Symptoms of Peptic Ulcer

Peptic ulcer disease may produce a number of symptoms, which may vary depending on the location of the ulcer, how long the disease lasted, and the pain tolerance of the individual:

Abdominal pain

  • Abdominal pain – pain in the epigastric region is probably the most common symptom of gastric ulcers. On the other hand duodenal ulcers might produce pain that is somewhat shifted to the right of the median line of the body. Also, depending on the location of the ulcer, the pain will appear at different times:
    • Pain associated with stomach ulcers usually appears right after eating, which may lead to the loss of appetite and weight loss.
    • Pain associated with duodenal ulcers usually appears due to hunger and approximately 3 hours after eating.
  • Extreme stabbing pain is usually the sign of perforation of gastric or duodenal ulcer. This is a very serious condition which should be addressed immediately, since it leads to peritonitis and eventually death.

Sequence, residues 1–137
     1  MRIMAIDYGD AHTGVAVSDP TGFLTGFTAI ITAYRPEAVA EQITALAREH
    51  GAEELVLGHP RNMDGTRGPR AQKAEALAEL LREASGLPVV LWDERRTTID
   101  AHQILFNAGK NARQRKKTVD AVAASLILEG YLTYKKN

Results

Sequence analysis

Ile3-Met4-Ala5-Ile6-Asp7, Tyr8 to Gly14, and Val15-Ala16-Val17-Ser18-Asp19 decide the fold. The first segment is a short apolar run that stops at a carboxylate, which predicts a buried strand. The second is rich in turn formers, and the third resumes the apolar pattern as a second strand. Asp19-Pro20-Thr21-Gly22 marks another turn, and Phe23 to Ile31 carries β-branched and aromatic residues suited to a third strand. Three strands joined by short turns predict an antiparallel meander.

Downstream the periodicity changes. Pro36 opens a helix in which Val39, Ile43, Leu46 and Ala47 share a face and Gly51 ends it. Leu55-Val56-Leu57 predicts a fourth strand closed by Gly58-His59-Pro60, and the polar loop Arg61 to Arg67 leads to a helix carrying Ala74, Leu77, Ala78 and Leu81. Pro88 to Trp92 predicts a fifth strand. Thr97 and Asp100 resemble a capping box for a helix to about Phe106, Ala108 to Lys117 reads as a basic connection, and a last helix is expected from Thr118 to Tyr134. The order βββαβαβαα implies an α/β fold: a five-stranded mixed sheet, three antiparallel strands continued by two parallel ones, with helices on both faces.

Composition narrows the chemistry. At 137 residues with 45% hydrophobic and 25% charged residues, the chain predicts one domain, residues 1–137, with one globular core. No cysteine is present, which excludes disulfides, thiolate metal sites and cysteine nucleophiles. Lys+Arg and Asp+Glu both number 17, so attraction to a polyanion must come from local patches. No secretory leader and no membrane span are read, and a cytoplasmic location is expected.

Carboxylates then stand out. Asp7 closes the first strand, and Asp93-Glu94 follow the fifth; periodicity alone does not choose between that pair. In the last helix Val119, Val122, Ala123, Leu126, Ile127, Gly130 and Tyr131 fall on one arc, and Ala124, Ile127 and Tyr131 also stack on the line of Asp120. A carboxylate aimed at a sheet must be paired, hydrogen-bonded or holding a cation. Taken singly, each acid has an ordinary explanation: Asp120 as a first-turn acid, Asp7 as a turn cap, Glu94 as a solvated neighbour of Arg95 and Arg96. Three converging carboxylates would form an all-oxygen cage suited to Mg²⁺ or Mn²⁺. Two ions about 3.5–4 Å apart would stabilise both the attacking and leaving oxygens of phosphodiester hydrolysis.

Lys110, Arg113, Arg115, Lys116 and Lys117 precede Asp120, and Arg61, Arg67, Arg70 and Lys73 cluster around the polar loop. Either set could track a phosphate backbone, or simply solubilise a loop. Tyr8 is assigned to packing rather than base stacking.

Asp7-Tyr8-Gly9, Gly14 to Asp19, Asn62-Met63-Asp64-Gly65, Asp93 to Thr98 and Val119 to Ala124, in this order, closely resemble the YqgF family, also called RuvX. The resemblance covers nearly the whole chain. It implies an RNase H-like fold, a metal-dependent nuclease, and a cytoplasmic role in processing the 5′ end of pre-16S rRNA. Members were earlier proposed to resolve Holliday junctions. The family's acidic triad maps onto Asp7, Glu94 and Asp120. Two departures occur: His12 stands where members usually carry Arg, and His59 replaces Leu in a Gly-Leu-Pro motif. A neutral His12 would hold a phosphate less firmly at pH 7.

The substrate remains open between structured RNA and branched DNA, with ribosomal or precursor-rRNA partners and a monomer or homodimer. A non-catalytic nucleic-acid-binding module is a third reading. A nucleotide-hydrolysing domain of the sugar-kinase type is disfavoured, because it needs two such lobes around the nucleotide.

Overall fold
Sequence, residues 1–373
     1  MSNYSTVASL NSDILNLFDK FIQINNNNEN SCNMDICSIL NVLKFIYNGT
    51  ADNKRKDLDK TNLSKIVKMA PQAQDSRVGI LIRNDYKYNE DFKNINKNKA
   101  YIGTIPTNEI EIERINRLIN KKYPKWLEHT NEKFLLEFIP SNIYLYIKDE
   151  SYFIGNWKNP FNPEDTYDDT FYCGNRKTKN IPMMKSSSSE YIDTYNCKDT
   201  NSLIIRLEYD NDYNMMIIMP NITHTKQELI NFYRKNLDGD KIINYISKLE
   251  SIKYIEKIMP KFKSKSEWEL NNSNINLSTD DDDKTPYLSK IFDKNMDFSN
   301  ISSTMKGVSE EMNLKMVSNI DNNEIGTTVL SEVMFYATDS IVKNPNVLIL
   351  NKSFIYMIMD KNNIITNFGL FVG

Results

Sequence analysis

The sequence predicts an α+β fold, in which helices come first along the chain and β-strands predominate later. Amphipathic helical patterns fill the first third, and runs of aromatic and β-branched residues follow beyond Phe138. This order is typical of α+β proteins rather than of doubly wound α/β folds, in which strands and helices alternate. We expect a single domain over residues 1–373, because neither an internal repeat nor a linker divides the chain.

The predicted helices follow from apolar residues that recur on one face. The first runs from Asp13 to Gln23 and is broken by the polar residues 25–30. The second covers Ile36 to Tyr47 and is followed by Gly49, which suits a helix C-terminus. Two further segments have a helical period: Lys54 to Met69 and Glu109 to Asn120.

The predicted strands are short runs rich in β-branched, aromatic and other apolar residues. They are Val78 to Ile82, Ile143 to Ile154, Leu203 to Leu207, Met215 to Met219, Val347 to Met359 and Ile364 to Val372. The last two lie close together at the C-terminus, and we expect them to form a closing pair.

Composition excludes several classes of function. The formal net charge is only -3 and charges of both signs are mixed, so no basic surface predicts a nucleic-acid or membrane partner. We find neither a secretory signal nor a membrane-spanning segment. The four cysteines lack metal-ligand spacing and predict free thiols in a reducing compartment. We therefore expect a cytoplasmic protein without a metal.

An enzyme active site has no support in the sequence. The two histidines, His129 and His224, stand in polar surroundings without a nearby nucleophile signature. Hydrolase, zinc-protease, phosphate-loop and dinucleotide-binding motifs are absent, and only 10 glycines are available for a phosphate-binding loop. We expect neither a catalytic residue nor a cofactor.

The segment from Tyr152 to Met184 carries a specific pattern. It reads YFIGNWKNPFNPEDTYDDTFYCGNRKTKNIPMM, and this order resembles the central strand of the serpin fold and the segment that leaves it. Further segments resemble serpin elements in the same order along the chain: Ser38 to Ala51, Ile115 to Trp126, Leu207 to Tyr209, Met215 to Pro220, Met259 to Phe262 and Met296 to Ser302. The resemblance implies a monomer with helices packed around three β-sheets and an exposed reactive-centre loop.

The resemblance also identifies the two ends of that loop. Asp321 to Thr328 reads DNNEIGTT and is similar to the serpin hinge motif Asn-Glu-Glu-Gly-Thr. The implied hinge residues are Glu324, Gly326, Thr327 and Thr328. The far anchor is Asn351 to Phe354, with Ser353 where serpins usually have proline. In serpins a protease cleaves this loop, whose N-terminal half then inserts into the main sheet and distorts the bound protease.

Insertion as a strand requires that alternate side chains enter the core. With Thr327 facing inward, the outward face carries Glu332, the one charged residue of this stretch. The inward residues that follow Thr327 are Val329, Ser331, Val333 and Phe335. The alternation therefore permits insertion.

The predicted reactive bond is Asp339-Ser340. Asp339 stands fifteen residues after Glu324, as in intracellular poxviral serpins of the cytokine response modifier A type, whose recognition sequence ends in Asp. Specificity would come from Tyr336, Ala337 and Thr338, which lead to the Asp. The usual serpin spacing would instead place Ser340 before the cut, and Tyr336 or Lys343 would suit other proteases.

• Dyspepsia is another very common symptom that follows peptic ulcer disease. It is a non-specific reaction of the body to the problems in the upper part of the gastrointestinal tract. It includes recurrent, chronic pain, bloating, belching, nausea, and heart burn.
  • Hematemesis (vomiting of blood) – if the ulcer that is located within the stomach starts to bleed, this symptom might appear. Depending on how fast the blood accumulates, the vomit can be either black (the blood accumulates slowly and it has time to be oxidized by the stomach acid) or it can be bright red (if the bleeding is substantial). The bright color of blood might also be caused by the fact that the source of the bleeding is the esophagus.
  • Melena – black, foul-smelling feces. This is a sign of a bleeding ulcer that is located in the duodenum. Its distinct color is attributed to the fact that blood has time to be oxidized as it passes through intestines.
  • Other non-specific symptoms include stomach heaviness after eating, feeling of being too full after eating, and loss of appetite, and decrease in body weight.

    If the patient notices a rapid decrease in body weight (by 10 kg and more), this could be a sign of malignization of the ulcer and should immediately undergo EGD with biopsy to exclude the possibility of cancer.